In the beginning, Turbulent Souls started out slow for me. I’m not exactly sure why. I think, true to form, the background of any story is the least exciting. It’s the opening act, the warming up so to speak. This setting of the stage is vital to the story, though. Dubner needed to explain his Jewish parents conversion to Catholicism in order for the rest of his story to make sense.
Stephen Dubner was born into a large, upstate New York, Catholic family. Only, Stephen never really felt at home with his parents’ view on religion. Something just didn’t seem comfortable to him. As a young man in his 20′s he meets a Jewish actress who guides him to discover his family’s orginal faith. The more he learns of Jewish customs the easier it is for him to shed everything he memorized about Catholic customs. The more he practices Jewish customs the more it feels like a rediscovery, a return to a religion he left behind before birth. As a journalist Dubner begins to see his family has a story, an amazing one. He cannot ignore the fact that both his parents converted right around the time Jews were being murdered by the Nazis. He discovers Ethel Rosenberg was his mother’s first cousin. As he uncovers the secrets of his family he finds himself.
There were many, many great lines in this book. Here are a couple describing Dubner’s religious childhood: “The aberrant memory is of my father loading us all into the pink-and-gray Rambler for Sunday Mass…my father slamming his pinkie in the back door and yelling, “Shit!” I knew the word; I just didn’t know that my father did” (p 108). “The fires of Hell kept me from letting Dale Schaeffer cheat off my math test even though he offered me first a dollar and then a skull-bashing” (p 114).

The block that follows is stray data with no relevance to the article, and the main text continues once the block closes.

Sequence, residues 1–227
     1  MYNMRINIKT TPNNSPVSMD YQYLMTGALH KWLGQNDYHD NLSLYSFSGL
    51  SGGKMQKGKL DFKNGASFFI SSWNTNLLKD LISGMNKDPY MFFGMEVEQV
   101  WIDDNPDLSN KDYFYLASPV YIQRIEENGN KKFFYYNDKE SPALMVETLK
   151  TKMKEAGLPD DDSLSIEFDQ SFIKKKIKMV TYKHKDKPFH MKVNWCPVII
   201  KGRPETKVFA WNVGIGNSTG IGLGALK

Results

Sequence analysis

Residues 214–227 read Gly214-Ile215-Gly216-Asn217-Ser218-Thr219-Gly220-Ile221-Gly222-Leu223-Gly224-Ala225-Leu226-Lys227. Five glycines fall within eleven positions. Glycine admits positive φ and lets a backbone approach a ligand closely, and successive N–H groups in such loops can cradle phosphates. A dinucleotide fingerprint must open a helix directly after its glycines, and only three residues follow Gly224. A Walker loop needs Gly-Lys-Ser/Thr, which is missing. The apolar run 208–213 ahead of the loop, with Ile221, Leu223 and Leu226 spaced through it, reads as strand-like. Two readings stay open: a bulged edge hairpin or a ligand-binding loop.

Here’s one from Dubner’s college years that I particularly liked (reminded me of my house): “…but even the three of us were no match for the memories of the house. They overpowered us, sent us to bed early, made our supper conversation timid” (p 151).
And one from adulthood: “When I was an alter boy I would get nervous being alone with Father DiPace. He represented God; I represented human shortcoming” (p 201). There are many more fantastic lines, but I’ll stop there.
BookLust Twist: From More Book Lust in the chapter called, “Me, Me, Me: Autobiographies and Memoirs” (p 162).